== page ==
Saturday, 5 January 2013

On advising students

Advising students is probably a bit like raising children. Though I would have no idea, because I don’t have any children yet. But the point is, they all need your attention, regular involvement, respect and love. I do not know if I am a good advisor to my students. I probably do some things right and many things wrong. We are all human, and you get along better with some people than with others. But here are a few things that, over my (short) 6-year career, seemed like important building blocks of successful advising. None of this will probably be surprising for experienced advisors, but perhaps new assistant professors could find a few bits and pieces useful. 

Motivation: freedom, autonomy and authority

Graduate students are highly talented and motivated individuals who committed to sacrificing 5-6 years of their lives living in poverty and working extremely long hours on risky problems with uncertain outcome for the sake of making a giant leap in personal development and having career choices that give the freedom to work on what you want, guarantee that you will never be bored, while earning a decent income. These people, therefore, should be motivated differently than, for instance, assembly-line workers. I have absolutely nothing against assembly line workers, but the nature of work done by an apprentice scientist is so different from the mundane routine on the assembly line, that it requires a different style of motivation.

The key building blocks for motivating anyone with high aspirations are, in my mind, freedom, autonomy and authority.  Students should be encouraged to work on something that really excites them, that makes their eyes light up. After all, the end goal is eventually for them to be driving their own research completely independently from you. So they better have their heart in it. You can’t treat students like replaceable “knobs” in your research machine. You can’t force them to work on a problem they hate, just because you got a grant in that area. I’ve often let go of interesting research directions, because I could not find the right student to work on it. And when I did try to push somebody to work on something that wasn’t their cup of tea, this never worked.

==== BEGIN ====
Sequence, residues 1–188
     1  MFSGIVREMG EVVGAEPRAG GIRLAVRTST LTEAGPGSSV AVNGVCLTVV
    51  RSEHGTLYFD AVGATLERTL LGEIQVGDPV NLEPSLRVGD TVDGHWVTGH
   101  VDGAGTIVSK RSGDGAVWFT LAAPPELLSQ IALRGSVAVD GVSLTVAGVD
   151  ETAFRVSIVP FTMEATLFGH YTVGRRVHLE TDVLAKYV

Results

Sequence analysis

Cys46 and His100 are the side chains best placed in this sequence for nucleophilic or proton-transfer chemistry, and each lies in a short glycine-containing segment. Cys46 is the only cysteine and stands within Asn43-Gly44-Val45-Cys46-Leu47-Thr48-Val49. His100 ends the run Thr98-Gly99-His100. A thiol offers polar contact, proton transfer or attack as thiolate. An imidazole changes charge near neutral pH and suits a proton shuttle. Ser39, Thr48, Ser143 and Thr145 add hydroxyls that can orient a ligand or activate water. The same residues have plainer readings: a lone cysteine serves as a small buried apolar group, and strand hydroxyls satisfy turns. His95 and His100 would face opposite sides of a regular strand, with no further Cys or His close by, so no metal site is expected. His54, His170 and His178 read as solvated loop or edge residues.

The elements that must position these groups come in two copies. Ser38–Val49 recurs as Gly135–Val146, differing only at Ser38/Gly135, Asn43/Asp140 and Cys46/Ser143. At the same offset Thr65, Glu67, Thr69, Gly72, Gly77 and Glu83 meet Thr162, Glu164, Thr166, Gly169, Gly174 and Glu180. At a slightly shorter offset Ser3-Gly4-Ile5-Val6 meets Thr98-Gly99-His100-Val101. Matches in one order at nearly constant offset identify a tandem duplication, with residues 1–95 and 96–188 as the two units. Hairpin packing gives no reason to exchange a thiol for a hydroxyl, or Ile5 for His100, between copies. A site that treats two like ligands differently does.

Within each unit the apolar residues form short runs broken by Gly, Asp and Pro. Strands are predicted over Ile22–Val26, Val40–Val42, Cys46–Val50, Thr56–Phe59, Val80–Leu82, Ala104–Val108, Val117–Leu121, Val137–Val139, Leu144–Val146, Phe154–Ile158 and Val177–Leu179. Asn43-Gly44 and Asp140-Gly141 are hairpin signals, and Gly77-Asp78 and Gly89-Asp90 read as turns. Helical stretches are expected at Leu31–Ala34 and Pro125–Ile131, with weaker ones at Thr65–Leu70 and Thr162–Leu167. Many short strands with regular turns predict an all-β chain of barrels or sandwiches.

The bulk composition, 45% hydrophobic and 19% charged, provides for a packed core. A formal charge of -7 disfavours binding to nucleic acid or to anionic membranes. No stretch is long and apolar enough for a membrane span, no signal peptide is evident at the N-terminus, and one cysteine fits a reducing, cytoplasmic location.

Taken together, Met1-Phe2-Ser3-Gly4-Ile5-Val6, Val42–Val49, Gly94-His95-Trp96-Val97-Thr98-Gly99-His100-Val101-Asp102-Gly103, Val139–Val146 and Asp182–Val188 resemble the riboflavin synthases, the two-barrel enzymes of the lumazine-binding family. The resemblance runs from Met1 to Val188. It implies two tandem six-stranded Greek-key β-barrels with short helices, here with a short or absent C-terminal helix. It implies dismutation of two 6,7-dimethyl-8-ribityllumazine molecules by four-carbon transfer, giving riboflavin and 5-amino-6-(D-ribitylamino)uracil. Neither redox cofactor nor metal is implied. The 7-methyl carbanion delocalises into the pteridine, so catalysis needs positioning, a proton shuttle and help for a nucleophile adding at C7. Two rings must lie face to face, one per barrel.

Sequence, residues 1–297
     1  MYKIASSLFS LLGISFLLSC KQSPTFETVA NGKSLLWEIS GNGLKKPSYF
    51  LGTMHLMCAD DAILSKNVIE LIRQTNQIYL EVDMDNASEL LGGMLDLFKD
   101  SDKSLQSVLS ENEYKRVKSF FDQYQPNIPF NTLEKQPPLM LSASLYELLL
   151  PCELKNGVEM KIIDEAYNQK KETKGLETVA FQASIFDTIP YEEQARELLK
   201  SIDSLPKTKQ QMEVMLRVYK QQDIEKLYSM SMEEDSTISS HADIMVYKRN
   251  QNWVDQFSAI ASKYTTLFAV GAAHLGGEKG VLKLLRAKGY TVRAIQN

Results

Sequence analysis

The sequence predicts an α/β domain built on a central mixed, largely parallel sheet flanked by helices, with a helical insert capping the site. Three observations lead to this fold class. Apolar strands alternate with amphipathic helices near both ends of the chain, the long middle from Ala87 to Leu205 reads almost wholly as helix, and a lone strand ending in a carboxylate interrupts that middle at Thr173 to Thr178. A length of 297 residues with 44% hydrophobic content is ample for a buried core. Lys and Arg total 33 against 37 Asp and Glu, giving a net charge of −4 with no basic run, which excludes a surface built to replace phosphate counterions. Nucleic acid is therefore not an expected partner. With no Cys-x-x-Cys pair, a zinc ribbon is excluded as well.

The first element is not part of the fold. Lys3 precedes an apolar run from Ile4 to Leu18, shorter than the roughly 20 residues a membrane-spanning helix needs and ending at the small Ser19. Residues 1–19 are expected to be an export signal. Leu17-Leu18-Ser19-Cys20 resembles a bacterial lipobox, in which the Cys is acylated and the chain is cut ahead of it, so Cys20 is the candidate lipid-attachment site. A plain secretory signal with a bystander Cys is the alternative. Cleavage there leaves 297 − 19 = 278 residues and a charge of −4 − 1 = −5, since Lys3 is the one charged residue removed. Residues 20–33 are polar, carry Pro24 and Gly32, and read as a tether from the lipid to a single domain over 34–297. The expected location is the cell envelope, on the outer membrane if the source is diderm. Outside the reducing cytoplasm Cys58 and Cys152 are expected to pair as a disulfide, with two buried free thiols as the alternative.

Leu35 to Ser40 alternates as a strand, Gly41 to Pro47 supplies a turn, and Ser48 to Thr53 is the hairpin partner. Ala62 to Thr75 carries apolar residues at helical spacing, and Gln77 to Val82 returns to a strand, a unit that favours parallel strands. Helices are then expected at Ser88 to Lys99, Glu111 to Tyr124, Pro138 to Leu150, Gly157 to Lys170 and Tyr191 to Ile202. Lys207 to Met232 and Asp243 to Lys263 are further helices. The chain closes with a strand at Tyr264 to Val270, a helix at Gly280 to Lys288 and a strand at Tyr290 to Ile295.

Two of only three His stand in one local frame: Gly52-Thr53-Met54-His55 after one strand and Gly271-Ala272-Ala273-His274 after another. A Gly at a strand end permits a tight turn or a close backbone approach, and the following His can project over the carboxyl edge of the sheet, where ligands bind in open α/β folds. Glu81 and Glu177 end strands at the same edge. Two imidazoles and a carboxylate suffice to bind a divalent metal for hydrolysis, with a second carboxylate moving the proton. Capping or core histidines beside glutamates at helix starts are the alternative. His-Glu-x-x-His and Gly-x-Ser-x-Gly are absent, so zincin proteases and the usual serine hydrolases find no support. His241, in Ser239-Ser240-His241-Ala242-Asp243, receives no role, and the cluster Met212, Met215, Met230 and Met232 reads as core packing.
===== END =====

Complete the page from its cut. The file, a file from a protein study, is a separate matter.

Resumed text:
The problem is, students, when they just come in, often don’t know what they want to work on. So you have to let them dab on a few projects, visit a few conferences and then you wait for that moment when you see a spark in their eyes, the “a-ha” moment. Then you know you found the right project for them. For instance, when I was a grad student I really wanted to work on anything that involved kernel hacking. Didn’t really matter what it was as long as kernel hacking was required. Go figure.

By letting my students to work on what they want and make their own decisions I ended up working on things that I never thought I would or could, like programming languages. At the same time this approach did not create chaos and randomness in my research program: somehow most of the projects are still nicely arranged around the theme of resource management on parallel systems.

Students have to have the big picture of what they are working on. You can’t just tell them to work on little pieces of the project, unless this is the very early stage where they (and you) are still trying to figure out where their interests lie. They have to make their own choices and decisions: hence autonomy and authority. Quite often, they will come up with better ideas than your own as a result. Sometimes, they will change the direction of the project. But in the end this is usually always better than micromanagement.